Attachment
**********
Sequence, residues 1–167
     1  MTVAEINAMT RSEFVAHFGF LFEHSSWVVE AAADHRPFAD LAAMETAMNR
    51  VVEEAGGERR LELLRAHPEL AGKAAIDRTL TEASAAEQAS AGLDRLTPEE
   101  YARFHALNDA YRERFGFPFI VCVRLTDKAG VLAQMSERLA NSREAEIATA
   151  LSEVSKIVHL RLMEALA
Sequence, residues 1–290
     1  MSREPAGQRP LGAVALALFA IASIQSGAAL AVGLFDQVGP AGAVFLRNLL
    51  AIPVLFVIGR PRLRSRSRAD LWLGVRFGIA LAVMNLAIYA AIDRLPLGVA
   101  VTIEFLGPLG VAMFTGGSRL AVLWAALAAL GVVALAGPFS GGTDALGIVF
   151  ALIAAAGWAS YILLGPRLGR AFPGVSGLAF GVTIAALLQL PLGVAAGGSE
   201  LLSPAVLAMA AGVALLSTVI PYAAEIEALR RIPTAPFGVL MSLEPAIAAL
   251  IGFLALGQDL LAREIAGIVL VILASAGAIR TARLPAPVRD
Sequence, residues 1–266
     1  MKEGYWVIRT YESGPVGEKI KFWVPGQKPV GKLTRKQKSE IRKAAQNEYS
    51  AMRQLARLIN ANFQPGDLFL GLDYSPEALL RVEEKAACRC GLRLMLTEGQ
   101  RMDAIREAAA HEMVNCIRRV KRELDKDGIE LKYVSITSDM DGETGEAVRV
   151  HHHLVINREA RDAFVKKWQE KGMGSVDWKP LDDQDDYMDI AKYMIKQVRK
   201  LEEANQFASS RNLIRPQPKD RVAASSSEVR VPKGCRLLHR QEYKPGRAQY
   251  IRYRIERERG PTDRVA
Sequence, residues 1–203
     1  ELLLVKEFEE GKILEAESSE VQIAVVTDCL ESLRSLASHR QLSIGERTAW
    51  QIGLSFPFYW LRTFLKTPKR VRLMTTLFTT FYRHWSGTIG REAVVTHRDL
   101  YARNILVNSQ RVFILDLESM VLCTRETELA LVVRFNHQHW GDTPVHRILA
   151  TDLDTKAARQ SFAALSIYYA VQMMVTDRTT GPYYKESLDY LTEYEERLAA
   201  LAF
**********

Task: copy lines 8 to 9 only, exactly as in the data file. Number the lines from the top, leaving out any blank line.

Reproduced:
    51  AIPVLFVIGR PRLRSRSRAD LWLGVRFGIA LAVMNLAIYA AIDRLPLGVA
   101  VTIEFLGPLG VAMFTGGSRL AVLWAALAAL GVVALAGPFS GGTDALGIVF